Assessing the social validity of a multi-modal school-based suicide prevention intervention: A scoping study
Ashworth, E., Thompson J., York, S., Henderson, K., Jalota, M.P., Shelton, J., ... & Saini, P.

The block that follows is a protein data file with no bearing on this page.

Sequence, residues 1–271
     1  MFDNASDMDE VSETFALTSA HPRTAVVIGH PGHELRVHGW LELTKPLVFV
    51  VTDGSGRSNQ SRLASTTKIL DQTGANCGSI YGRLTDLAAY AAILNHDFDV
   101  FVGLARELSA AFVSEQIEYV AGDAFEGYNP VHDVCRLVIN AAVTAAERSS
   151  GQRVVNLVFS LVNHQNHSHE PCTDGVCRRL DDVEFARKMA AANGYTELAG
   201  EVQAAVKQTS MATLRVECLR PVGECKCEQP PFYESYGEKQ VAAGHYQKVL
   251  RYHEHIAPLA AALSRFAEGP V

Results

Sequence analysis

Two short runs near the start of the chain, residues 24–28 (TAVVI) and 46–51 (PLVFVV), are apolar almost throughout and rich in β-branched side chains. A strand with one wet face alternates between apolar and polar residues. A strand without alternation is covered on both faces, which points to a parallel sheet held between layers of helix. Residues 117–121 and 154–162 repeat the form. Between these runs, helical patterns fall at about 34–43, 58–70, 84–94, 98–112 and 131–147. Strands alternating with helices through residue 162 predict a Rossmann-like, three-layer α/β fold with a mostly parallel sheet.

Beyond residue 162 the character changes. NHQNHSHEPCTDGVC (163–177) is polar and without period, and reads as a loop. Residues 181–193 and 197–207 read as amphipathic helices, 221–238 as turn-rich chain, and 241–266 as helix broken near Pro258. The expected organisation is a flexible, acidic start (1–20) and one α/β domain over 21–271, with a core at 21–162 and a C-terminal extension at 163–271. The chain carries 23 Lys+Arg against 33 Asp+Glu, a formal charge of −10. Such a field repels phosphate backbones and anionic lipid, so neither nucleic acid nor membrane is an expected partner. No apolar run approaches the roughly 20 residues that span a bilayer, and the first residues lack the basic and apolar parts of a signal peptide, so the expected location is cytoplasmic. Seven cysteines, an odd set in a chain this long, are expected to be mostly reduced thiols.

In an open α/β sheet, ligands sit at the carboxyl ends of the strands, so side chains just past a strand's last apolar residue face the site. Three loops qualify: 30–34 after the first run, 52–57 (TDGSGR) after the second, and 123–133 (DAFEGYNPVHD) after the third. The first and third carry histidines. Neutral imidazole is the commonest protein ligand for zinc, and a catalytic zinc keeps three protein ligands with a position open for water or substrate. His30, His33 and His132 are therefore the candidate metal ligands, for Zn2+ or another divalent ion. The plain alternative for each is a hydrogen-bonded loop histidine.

Aims: This scoping study aimed to interview school staff, secondary school students, parents, and mental health professionals in Merseyside to determine the social validity of the MAPSS programme, and to identify any necessary adaptations that should be made before it can be trialled, initially in Northwest England, and eventually in the whole of the UK. More generally, the study also aimed to examine the need for and potential benefits of a school-based suicide prevention programme and investigate how this could be implemented. Methods: Semi-structured interviews were conducted with mental health professionals (N=8), school staff (N=8), and parents whose children had experienced suicidal ideation/behaviours (N=3). Focus groups were completed with CYP (N=27) in Years 10-13 (aged 15-18) across three state secondary schools in Merseyside, UK. Data were analysed using thematic analysis. Results: Four themes were identified: 1) the need for and importance of suicide prevention in schools, 2) raising awareness and reducing stigma, 3) the need for suicide prevention training for everyone who supports young people, and 4) delivering universal and targeted interventions. A number of subthemes were also identified. Conclusion: Overall, participants overwhelmingly agreed that there is a need for a greater and more consistent emphasis on school-based suicide prevention, as a number of CYP are at risk of suicide but there is not enough accessible support available. School appears to be an acceptable location for suicide prevention, and participants felt discussions about suicide should begin at the start of secondary school. However, there are potential barriers that need to be considered before a universal suicide prevention intervention can be delivered effectively, including neurodiversity and disability, cultural and family beliefs, stigma, lack of existing training for school staff, and personal experiences of suicidal thoughts or previous bereavement from suicide.